strictly enforced.

“Uniform trash bins and increased enforcement of trash disposal rules
is a logical next step in both our rodent control efforts as well as for
keeping our streets looking clean and attractive,” said Alderman-at-Large Jack
Connolly. “Combined with the other rodent control efforts in this package of
initiatives, and with the Board and the Mayor united in their determination to
address this issue, I believe residents will begin to see a greater impact on
the problem.”

The City’s new Code Enforcement Officer hired by Inspectional Services
in October has already begun an inventory of dumpsters citywide. As part of
Comprehensive Dumpster Inspection and Enforcement,
all dumpsters will be licensed and regularly inspected to ensure they do not
provide food sources for rodents. Businesses and property owners with dumpsters
will receive guidance on sanitation requirements and how to reduce rodent
access to the dumpster.
 The City’s
Rodent Action Team is reviewing current local health regulations and
recommendations to ensure dumpster -contractors, business and property owners
maintain dumpsters and clean them properly.

“Dumpsters can be a significant food source for rodents, but this is a
problem you can’t always see,” said Smiljic. “We regularly inspect food
establishments for any rodent activity, but we also need the cooperation of the
dumpster contractors to guarantee dumpster maintenance and cleaning. The
enforcement officer will be working with both businesses with dumpsters as well
as the dumpster contractors to ensure this happens.”

Following the lead of New York City, which has piloted the testing of Rodent Fertility Management in the
United States, the City has been in talks with biotechnology company SenesTech,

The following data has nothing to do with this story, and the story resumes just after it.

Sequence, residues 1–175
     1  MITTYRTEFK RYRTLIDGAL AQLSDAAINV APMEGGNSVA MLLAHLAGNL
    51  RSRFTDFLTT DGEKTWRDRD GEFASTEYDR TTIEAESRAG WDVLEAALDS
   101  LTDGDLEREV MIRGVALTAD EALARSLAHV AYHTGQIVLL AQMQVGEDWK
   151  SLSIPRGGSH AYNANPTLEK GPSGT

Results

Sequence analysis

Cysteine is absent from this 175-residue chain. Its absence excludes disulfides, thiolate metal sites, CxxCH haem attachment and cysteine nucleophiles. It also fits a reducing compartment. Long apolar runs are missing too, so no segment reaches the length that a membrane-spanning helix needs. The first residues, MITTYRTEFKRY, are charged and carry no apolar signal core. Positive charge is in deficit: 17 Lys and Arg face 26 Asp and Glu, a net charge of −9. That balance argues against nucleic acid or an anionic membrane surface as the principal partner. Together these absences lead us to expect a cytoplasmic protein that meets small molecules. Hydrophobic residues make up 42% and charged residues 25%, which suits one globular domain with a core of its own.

Inc., regarding the use of this humane and cutting-edge approach for reducing
rodent populations. SenesTech is currently preparing a proposal for Somerville
for limited testing of rodent fertility management that reduces (but does not
eliminate) rodent populations by suppressing their reproductive capabilities. According
to SenesTech’s research, the bait used is not lethal, does not affect other
species or humans and does not enter the food chain because it is metabolized
by rats within 15 minutes. The technique has been used with success by the New
York Metropolitan Transportation Authority and in numerous Asian agricultural
areas where rats pose a serious threat to rice harvests.

“SenesTech has been fielding requests by cities and entities across the
globe, but they were particularly impressed by the extensive data that the City
analyzes and maintains on rodent sightings and control efforts. So we were able
to interest them in considering Somerville for their next efforts, which also
include other locations in New York,” said Mayor Curtatone. “We are looking
forward to SenesTech’s proposal.”

Finally, an interdepartmental Rodent Task Force, known as RAT for Rodent Action Team and composed
of City staff and Ward 2 Alderman Maryann Heuston as the Board of Aldermen’s
representative, was founded by Mayor Curtatone and has been meeting
twice-monthly since September. The team’s mission is to accelerate rodent
control efforts, research best practices and develop new rodent control
initiatives and outreach plans. Members include staff from Inspectional
Services, the Health Department, the SomerStat performance management office,
Communications, Constituent Services (311) and the City Solicitor’s Office.

“We have been working diligently to attack this problem, and in my own
ward I’ve heard from residents that our efforts are helping. But we still have
more work to do and this package of new initiatives is going to give us even
more tools to have an impact,” said Alderman Heuston. “But this is a
partnership. The City is putting significant time and resources into this
quality of life effort, and if residents in affected areas work with us by
participating in the rodent control assistance program, maintaining their properties,
covering their trash bins and reporting issues to 311, we will tackle this